WE TRULY LIVE IN THE INFORMATION AGE. We have access to much more
information than at any other time in human history—whether it takes the form of videos, pictures,
emails, text, or just raw data. We now have access to a vast volume of knowledge by simply typing words
into a Google search. Questions that would have been impossible or time-consuming to answer can
now be addressed in a few seconds. It is now easy to maintain connections with friends and share the
events of our lives through social networking websites. We can make video calls to almost anywhere
in the world. Remarkably, this information can be accessed for almost no cost.
Like many endeavors, competition has driven companies and
organizations to make improvements to fully optimize the available
building blocks from the information age—including access to
more information and faster computing power—to produce better
products. We see this power of competition all around us. The
iPhone 7 is better than the iPhone 6. The Samsung Galaxy phones
have improved right along with the iPhone, while Nokia has lost
market share to Apple and Samsung. Cars, televisions, and almost
every other consumer device has improved as companies have
optimized the opportunities brought about by
the information age.
The advances created by this competition should be celebrated.
We can now live lives that few people could have imagined a few
generations ago. With access to cheap information, we can now
enrich our lives through inexpensive entertainment and a wide
variety of educational content. Beyond personal access to information, these advances have reduced the cost for physical goods,
as efficiency gains can now be incorporated into these products.
Walmart and other retailers can sell products less expensively by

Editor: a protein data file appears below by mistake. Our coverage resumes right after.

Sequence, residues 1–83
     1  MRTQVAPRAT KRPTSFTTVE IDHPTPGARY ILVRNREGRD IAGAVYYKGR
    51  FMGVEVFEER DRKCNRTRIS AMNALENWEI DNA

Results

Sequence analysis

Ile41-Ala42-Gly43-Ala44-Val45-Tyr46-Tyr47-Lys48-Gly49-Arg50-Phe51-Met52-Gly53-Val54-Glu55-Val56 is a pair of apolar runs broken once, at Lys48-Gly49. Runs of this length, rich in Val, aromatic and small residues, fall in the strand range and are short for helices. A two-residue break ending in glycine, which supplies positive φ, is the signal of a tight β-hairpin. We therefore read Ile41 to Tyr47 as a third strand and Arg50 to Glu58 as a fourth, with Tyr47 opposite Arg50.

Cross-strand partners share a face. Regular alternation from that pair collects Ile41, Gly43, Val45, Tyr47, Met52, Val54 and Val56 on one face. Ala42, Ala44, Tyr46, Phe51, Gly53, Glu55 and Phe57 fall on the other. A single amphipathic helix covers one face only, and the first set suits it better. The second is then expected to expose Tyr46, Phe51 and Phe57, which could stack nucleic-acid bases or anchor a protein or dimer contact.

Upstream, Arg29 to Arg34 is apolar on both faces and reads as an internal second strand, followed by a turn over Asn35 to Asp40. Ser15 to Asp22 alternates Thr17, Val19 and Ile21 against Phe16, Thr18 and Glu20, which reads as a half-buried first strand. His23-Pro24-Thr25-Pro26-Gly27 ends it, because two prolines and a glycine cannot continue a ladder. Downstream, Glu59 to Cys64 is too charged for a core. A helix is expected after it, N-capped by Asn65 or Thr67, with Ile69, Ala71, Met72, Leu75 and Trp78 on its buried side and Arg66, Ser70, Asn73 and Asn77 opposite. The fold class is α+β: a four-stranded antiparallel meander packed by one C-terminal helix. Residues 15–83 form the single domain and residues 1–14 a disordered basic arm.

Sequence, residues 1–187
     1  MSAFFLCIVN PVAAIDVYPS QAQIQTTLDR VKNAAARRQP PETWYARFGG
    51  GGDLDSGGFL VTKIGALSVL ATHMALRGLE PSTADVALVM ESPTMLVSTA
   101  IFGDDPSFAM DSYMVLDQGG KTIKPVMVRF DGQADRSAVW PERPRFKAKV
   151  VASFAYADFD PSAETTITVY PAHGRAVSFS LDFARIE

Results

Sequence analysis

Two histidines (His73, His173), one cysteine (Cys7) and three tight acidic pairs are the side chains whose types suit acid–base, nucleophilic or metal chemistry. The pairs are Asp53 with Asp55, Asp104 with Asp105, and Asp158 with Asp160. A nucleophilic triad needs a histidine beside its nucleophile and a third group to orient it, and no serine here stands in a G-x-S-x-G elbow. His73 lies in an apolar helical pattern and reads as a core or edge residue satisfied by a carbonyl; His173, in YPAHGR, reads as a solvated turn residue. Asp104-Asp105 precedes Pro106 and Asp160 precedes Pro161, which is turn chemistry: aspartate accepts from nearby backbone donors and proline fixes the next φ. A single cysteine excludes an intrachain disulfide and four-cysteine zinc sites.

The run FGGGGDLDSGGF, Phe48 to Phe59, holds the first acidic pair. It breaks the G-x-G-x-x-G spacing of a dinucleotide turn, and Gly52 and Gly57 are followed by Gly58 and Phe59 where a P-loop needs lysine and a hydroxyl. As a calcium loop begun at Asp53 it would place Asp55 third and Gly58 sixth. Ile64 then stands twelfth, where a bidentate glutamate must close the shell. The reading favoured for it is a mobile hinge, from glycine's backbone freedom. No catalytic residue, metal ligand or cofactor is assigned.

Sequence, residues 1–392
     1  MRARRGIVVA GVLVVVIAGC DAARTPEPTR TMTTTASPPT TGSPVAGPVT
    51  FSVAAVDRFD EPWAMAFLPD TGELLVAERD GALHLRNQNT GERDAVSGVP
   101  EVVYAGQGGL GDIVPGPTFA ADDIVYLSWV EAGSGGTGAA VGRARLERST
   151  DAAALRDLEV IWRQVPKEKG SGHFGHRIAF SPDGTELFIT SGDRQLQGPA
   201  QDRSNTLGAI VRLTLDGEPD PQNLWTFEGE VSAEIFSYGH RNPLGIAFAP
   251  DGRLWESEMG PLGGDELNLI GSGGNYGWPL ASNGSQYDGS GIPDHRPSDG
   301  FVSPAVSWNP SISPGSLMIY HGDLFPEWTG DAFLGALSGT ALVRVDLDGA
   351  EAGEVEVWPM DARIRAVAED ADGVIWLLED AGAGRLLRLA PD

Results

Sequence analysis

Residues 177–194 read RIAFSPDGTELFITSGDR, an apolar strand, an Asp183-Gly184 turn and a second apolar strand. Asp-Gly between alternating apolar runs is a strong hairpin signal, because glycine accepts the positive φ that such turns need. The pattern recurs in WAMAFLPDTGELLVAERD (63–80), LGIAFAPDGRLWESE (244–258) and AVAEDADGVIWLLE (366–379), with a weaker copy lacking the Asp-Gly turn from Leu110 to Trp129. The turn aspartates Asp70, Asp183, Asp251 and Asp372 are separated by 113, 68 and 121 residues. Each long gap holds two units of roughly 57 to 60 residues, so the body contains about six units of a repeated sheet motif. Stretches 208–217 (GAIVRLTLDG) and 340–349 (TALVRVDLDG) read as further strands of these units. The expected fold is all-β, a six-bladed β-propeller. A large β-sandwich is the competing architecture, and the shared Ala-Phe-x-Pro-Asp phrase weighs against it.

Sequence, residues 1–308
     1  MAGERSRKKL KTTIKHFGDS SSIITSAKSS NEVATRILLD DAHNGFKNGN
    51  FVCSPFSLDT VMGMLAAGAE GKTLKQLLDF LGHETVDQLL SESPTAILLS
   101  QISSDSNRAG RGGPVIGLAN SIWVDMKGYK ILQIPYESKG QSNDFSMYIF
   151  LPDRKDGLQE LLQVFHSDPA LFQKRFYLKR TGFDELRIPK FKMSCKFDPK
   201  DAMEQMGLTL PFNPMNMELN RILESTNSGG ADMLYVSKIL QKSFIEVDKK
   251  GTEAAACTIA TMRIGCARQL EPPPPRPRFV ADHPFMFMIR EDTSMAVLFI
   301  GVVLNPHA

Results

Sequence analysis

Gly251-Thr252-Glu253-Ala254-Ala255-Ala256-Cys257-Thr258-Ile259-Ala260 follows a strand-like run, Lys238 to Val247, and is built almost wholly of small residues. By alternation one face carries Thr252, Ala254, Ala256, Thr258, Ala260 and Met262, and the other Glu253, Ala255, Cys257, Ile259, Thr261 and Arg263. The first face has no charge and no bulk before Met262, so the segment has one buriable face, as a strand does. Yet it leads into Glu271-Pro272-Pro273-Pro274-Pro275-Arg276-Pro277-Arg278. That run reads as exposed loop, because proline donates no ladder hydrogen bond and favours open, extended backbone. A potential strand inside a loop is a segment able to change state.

better managing the supply chain through technology. Oil is
now less expensive thanks to our ability to explore for new oil
reserves by using more information. Similar advances have
been made in food production, transportation, and several
other important physical good sectors.
But the advances created by the ongoing competition to
produce better products have come at a cost. By virtue of
increasingly better information-based products, we have
now become increasingly distracted with the myriad of
options available to us. Multitasking has become rampant.
Children and adults alike are choosing video games over
physical activity. Online relationships are taking over for
community and in-person relationships. Television and
internet usage have resulted in total screen time that goes
well beyond what was viewed a generation ago. People
are far more disconnected from their communities as
they seek entertainment that appeals to their unique
interests. Social media sites have prompted people
to engage in branding campaigns that highlight the
positive aspects of their lives and omit the less-than-perfect. For some, the advances in the information age
have adversely impacted their health, relationships,
and even their willingness to improve their lives.
With these technological advances, consumers
and our surrounding culture have begun developing
approaches to enjoy the advances of the information age while also working hard to minimize the
downside of too much information. We have seen
many techniques to control this information
overload—including “technology sabbaths,”
software applications that limit online access,
and practicing mindfulness. Many people are
actively trying to manage the information
deluge and the unintended consequence of
living a life with so much information. As
we all know, this management is not easy.
Why analytic competition
is a problem … and what
we can do about it
BY KURT J. WROBEL